The 1960s should have taught us something. We can fight the good fight with sweat, but not so much blood and tears.
When, in my imagination, I compare 2020 to 1969, for example, there are strong similarities. Enormous crowds of liberals gathering in the darkest, muddiest conditions, in order to create solidarity. People emotionally expressing their feelings of fear, but also hope for the future!
In ’69, Country Joe McDonald was a famous guy who sang and played guitar. His sidekick, Barry Melton, was nicknamed “The Fish.” These two got on stage in front of almost half a million people one day in August in Bethel, New York. It was a fierce demonstration that lasted day and night through the weekend. It was known as the “Woodstock Rock Festival,” and its location would later be added to the National Register of Historic Places.
So, Joe and Barry get up there, and have something to say. So far, for the weekend, there may have been a death, and a few births, too, just based on the enormous population of the festival, but the air was filled with positive energy, and the universal mindset was healing and generous. When I read about the Woodstock Music Festival, years-later, I wished I could have been there, to take off my shirt and mingle in the mud with other open-minded, kind-hearted individuals with a common mission: to make the world a better place. For a young liberal-minded teenager, I would have joined the “counterculture of the 1960s,” danced, loved, and hugged my message very well, I think.
And the song Joe sings, well, it warms my heart just to tell you about it. He brought tears to the eyes of the world, and attention to the cause he objected to, the Vietnam War. Many questioned why we were at war. The song was also a smash hit on the radio. It sounded rather like a drunk folk singer at a circus. It made people laugh.
Us older folks (what happened!?) remember the song as “The I Feel Like I’m Fixin’ To Die Rag,” and most of us can recall the lyrics even better than Python’s “Lumberjack Song,” a similar-feeling but less politically-poetic song that made it to the big screen, based on it’s upbeat, irresistible catchiness. It just sticks in your head!
“Well, come on all of you, big strong men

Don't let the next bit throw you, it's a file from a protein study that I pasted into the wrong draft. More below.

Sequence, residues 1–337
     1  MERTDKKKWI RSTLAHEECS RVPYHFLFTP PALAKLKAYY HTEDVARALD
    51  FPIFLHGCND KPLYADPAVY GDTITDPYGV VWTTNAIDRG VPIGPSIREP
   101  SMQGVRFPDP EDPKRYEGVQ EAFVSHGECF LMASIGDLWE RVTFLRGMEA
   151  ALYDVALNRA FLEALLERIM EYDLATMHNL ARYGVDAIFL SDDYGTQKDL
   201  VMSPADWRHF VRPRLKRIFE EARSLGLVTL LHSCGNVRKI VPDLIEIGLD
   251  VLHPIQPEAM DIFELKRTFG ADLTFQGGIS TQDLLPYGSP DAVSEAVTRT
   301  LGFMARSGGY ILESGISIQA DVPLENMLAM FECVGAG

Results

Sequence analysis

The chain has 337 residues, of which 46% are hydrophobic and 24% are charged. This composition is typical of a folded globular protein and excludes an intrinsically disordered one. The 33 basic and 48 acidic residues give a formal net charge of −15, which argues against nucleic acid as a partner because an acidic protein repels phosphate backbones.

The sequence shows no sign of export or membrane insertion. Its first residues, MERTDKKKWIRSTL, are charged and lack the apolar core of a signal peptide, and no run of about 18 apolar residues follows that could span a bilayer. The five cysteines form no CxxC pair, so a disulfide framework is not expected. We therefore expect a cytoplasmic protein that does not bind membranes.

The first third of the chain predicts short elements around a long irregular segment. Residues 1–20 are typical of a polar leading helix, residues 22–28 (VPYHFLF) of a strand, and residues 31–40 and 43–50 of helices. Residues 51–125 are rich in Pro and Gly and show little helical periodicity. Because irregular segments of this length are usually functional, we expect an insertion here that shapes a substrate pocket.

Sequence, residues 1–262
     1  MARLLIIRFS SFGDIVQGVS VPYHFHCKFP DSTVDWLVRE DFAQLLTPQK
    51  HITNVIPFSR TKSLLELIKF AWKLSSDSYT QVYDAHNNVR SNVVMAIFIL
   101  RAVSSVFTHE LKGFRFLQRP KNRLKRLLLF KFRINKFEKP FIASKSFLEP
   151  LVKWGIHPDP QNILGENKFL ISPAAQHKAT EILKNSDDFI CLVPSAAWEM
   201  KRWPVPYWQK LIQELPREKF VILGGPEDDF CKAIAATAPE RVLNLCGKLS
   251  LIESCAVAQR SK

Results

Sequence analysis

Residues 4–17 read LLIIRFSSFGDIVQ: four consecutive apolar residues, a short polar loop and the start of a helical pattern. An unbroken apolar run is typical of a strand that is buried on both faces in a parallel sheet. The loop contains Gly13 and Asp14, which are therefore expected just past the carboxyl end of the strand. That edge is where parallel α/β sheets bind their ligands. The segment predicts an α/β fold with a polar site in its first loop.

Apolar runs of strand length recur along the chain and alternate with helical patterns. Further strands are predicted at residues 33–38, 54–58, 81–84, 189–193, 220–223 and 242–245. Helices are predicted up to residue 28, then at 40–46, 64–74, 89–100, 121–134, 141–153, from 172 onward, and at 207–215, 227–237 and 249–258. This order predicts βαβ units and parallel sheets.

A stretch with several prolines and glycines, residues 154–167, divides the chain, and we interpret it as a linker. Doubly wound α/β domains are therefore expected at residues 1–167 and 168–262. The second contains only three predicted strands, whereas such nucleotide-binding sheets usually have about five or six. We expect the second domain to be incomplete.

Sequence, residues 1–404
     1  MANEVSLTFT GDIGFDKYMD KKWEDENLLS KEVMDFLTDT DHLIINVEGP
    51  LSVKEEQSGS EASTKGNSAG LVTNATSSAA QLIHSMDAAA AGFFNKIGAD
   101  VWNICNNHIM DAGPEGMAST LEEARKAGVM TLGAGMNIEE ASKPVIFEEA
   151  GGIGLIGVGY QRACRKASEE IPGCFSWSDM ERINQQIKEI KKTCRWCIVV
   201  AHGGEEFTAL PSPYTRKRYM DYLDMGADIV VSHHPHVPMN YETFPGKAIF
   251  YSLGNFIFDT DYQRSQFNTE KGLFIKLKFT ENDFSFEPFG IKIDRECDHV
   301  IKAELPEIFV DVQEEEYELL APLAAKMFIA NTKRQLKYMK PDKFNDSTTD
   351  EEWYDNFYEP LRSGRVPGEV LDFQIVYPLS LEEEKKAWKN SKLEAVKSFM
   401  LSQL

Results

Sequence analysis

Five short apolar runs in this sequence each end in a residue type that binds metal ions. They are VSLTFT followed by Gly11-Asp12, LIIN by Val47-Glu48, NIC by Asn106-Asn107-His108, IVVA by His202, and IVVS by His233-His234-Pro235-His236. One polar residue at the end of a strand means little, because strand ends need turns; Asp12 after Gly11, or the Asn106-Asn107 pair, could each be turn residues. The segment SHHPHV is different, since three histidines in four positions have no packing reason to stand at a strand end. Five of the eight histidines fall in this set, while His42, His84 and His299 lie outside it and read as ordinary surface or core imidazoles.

Uncle Sam needs your help again
He’s got himself in a terrible jam
Way down yonder in Vietnam
So put down your books and pick up a gun
We’re gonna have a whole lotta fun!
And it’s one, two, three
What are we fighting for?
Don’t ask me, I don’t give a damn
Next stop is Vietnam!
And it’s five, six, seven
Open up the pearly gates
Well there ain’t no time to wonder why
Whoopee! we’re all gonna die”
The song continues, in the same spirit … until its probably most memorable line, about a boy in a box.
“Come on mothers throughout the land
Pack your boys off to Vietnam
Come on fathers don’t hesitate
To send your sons off before it’s too late
Be the first ones in your block
To have your boy come home in a box”
Can you imagine? Somehow our tears welcome laughter, familiar faces, trustworthy strangers, rain, mud, everything mingles together.
There was, Country Joe proved, no need to be anything more than a peaceful hippie with a clever pen, to send the world a powerful message.
2020 should study this technique.
We should honor our history, and we should honor the crowds who gathered peacefully, who showed us how it’s done. Somewhere a generation has arisen, or so they think they have, who behave “around” the rules, ignoring, lying, protesting at midnight and hurting innocent strangers. As firmly as we may say “no, that’s not how it’s done,” the time that continues to pass only reassures many that they are breaking the rules on purpose and have no intention to ever stop. Most probably had a good reason for being involved, which is another layer of shame.
There’s no clear messenger nor clear message, and the bad guys are using the crowd for cover. And we keep watching.
Everybody means well, right? Well, what happened, then? Is there a missing piece? Where is the love?
So many things went wrong at Woodstock, it was a total mess, but the crowd persevered. Why? Because they knew why they were there. No-one was there dubiously trying to foil good vibes, and working together they maintained hope.
The only distinguishing characteristic of the current protests and riots across America is they are tirelessly intimidating; every morning we wonder how much worse it’s gotten, how many more killed. That’s not protesting. There’s no message being heard. Those who want reform should regroup. At least put some bright colored clothes on, to distinguish yourselves from those in all-black clothes, who are starting to wave guns while they insult strangers and chase down those weak enough to let them. We should rethink what’s happening, and stop being used as pawns, only creating a more dangerous situation and one that will only more surely get the wrong kind of news attention. How can so many people “protest” when they know there is no good message being shown in videos, just scary footage of murders and poor-looking people with huge smiles on their faces stealing property from stores. How can so many still show up? Didn’t you get the memo? They didn’t hear your heartfelt message. Again.
Try a different way. I beg you. You can even be a clown, and this rights movement would have more credibility.